Obama signs Patriot Act Extension

Brittany Pugh

All quotations appearing in this article are attributed directly to an interview conducted by the Associated Press.

On May 26, moments before the midnight deadline President Barrack Obama signed a four-year extension of the provisions of the Patriot Act.

President Obama granted the approval from France where he is attending the G-8 summit. By using a machine located in the United States, which holds a pen that signs the president’s actual signature. This is only used through authorization by the president.

“I think it is an important tool for us to continue dealing with an ongoing terrorist threat,” said Obama.

The provisions of the Patriot Act that were extended include the government’s power to search business records, conduct roving wiretaps and conduct surveillance of  “lone wolves” – which are non- United States citizens who are terrorists but may not linked to terrorist groups.

The many opinions about the provisions of the Patriot Act and why it should not be extended stems from the infringement upon the people’s privacy rights. That is why some of the provisions of the act have to be periodically be renewed.

“The Patriot Act has been used improperly again and again by law enforcement to invade Americans’ privacy and violate their constitutional rights,” said Laura W. Murphy, director of the American Civil Liberties Union Washington legislative office. Murphy’s assertion was one of the concerns raised in the Senate debate over the extension of the provisions in the Patriot Act. Intelligence officials are reported as having denied the improper use of the provisions.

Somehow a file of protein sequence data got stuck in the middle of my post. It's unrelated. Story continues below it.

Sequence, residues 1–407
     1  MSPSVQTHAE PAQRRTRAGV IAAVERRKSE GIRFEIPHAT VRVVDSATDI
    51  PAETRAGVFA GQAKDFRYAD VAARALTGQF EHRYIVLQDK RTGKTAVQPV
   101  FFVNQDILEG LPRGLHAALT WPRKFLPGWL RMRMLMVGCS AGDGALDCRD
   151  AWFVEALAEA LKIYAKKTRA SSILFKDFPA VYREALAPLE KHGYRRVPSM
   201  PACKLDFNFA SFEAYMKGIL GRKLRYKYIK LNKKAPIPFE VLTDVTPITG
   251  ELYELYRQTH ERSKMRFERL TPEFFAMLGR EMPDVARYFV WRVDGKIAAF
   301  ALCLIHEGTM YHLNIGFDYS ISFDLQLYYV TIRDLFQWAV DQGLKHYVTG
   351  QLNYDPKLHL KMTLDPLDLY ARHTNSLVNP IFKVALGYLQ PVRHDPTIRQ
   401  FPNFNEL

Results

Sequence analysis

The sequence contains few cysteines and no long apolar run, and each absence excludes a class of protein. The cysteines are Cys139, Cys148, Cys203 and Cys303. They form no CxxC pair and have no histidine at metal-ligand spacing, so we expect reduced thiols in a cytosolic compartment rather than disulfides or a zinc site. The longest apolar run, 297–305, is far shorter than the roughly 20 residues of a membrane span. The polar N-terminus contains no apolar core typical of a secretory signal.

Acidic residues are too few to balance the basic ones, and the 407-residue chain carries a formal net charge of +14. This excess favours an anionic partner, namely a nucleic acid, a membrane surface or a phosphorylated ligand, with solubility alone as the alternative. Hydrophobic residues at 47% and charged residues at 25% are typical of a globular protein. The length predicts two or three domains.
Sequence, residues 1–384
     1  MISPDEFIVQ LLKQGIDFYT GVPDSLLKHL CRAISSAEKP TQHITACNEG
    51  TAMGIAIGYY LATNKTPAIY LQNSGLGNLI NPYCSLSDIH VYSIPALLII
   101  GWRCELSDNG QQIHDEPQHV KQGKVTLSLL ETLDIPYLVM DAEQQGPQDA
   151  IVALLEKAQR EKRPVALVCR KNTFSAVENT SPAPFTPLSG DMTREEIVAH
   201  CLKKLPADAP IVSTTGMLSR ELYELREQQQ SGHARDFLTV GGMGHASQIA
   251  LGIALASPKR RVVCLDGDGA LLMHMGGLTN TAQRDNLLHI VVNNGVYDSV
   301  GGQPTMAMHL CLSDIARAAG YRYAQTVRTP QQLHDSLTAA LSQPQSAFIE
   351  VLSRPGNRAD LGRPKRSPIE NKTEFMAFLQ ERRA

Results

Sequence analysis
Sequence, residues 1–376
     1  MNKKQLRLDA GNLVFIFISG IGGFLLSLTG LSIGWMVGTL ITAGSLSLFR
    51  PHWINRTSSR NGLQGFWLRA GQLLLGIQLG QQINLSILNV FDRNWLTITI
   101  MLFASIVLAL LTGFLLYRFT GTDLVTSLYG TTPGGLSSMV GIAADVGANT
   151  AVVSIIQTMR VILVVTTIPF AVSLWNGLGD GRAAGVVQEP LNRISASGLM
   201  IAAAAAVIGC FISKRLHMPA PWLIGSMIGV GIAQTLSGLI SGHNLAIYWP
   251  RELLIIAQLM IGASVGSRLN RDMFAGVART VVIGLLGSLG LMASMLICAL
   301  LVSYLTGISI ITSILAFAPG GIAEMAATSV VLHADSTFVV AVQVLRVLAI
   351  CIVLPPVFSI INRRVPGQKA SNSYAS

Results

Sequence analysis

The Obama administration said without the three provisions of the Patriot Act, the Federal Bureau of Investigation may not be able to locate terrorists activities in the United States.

The nation reportedly has a divided opinion on the provisions of the Patriot Act. In a Pew Research Center poll conducted last February, before Osama bin Laden had been killed, 34 percent responded saying the act “goes too far and poses a threat to civil liberties.”  42 percent considered it “a necessary tool that helps the government find terrorists.”

This is seen as a slight turnaround from the 2006 poll with 39 percent saying it is “a necessary tool that helps the government find terrorists” and the 38 percent saying it “goes too far and poses a threat to civil liberties.”